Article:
focus on similarities CVC syllable dog  d-og sol  s-ol call attention to differences CVCV syllable casa  c-a-s-a casa  c-asa* *be careful with tests that exploit the similarities between two languages  may make student appear higher with respect to phonological awareness skills above examples  show that child understands onset-rime in the context of a word, but have difficulty at the syllable level Tests tend to have CVC words, which wouldn’t show difficulty in this area AND if you don’t see it when assessing, you may not focus on it enough in TIER I and II supports Hammer & Miccio (2006)

58 ASSESSING IN L1 Low performance in English
PA skills in L1 age-appropriate unfamiliarity with English phonemes explain differences between L1 & English weakness in PA in L1 interventions need target these PA skills ENGLISH L1

59 RHYMING Is not a strategy used in all languages
Recalling rhyming words is affected by a weak vocabulary Recognizing rhyming words can be affected by semantic interference Some countries, including some Spanish-speaking, emphasis more beginning letters than ending Lo, la, las, los Ma, me, mi, mo, mu WIAT & WJ-III have rhyme recall & recognize rhyming tasks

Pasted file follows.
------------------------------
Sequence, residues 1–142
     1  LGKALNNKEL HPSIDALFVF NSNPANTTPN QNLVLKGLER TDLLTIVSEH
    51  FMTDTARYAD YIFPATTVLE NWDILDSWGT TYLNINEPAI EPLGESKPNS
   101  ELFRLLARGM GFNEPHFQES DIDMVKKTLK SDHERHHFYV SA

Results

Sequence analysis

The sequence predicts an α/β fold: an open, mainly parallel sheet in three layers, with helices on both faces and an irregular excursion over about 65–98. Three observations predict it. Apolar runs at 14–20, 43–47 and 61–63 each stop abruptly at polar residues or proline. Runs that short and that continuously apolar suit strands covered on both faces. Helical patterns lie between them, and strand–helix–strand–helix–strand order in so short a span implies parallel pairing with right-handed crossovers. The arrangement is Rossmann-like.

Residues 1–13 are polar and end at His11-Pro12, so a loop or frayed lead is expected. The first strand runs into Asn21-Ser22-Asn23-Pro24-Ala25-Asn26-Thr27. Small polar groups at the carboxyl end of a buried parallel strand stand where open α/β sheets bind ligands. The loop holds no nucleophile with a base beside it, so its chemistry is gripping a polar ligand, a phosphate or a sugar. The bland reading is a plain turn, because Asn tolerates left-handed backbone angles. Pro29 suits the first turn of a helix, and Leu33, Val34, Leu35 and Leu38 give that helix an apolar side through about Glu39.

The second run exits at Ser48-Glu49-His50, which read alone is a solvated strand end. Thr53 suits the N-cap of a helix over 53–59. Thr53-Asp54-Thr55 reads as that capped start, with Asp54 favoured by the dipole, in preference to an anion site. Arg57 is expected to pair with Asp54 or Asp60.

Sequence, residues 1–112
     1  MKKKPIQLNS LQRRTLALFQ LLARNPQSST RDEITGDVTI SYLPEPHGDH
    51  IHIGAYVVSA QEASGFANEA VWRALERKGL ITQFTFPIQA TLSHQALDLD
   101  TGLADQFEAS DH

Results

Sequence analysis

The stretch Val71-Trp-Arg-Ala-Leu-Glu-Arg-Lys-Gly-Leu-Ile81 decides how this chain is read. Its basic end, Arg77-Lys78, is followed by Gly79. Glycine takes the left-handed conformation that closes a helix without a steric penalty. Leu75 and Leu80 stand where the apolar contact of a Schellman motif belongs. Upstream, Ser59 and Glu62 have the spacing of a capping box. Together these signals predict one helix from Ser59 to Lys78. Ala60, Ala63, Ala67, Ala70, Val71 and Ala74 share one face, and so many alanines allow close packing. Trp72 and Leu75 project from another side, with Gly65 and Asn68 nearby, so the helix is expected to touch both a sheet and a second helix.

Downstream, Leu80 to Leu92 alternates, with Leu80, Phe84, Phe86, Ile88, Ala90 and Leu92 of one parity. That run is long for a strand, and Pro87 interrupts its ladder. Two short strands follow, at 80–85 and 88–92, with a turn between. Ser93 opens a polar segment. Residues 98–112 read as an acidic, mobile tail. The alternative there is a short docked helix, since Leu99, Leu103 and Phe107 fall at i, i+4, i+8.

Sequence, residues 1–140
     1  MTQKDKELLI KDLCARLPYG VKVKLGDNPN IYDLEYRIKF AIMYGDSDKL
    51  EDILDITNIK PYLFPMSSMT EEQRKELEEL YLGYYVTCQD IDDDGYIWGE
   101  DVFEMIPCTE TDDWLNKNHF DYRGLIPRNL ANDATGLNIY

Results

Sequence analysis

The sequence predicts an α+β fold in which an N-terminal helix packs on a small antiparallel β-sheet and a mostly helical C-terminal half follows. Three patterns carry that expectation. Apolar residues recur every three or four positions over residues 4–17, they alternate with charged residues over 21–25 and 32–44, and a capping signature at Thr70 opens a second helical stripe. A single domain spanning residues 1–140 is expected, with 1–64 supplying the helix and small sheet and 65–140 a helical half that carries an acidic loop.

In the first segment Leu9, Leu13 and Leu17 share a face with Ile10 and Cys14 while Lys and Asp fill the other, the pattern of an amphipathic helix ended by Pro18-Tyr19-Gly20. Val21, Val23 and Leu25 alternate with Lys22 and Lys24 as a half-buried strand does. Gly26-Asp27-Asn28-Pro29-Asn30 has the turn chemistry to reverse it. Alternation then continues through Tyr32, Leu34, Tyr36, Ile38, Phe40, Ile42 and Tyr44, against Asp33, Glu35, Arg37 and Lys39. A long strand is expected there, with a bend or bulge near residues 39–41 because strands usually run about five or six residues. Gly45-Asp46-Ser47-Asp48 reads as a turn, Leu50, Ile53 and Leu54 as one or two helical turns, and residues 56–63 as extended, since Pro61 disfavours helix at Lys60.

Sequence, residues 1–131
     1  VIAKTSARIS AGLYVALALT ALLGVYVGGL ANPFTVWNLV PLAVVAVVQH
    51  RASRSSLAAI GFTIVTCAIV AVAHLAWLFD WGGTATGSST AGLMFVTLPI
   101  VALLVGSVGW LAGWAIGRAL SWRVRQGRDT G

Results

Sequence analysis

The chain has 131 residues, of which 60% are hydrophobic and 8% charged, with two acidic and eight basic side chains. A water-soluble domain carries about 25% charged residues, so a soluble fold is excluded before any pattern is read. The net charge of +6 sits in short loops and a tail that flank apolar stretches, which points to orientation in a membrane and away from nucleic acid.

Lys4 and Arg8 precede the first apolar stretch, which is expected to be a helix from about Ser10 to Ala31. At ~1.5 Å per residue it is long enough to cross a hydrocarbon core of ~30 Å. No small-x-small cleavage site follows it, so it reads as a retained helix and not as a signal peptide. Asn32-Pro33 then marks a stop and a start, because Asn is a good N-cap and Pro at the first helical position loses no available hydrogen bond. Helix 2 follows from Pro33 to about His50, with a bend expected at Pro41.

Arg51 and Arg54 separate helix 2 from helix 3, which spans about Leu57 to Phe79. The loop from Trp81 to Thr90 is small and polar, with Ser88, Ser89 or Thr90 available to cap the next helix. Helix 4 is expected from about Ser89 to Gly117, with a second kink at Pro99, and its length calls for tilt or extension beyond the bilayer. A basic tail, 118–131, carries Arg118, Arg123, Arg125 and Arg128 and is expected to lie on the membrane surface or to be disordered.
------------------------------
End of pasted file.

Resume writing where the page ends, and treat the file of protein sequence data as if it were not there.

60 What rhymes with...? Semantic interference—lack of understanding of task, so they choose based on category or relationship. Higher cognitive skill than rhyming May use L1 words

Before asking the student to read ensure verbal familiarity with the words in text Discuss the topic & key words in text

If L1 literacy skills are appropriate indicative of limited language proficiency not a learning disability If patterns of errors occur in both languages possible indicator of a learning disability further assessment may be necessary

63 ASSESSING IN L1 Must be done by someone knowledgeable in common errors in L1 English also likely to impact performance in L1 if student exposed to English literacy instruction Example: In Spanish  read “LL” as /L/ instead of /y/

Error analysis is very important: confusing vowel sounds? dropping ending sounds? difficulty with English-only phonemes? allow for accent errors (is = iss)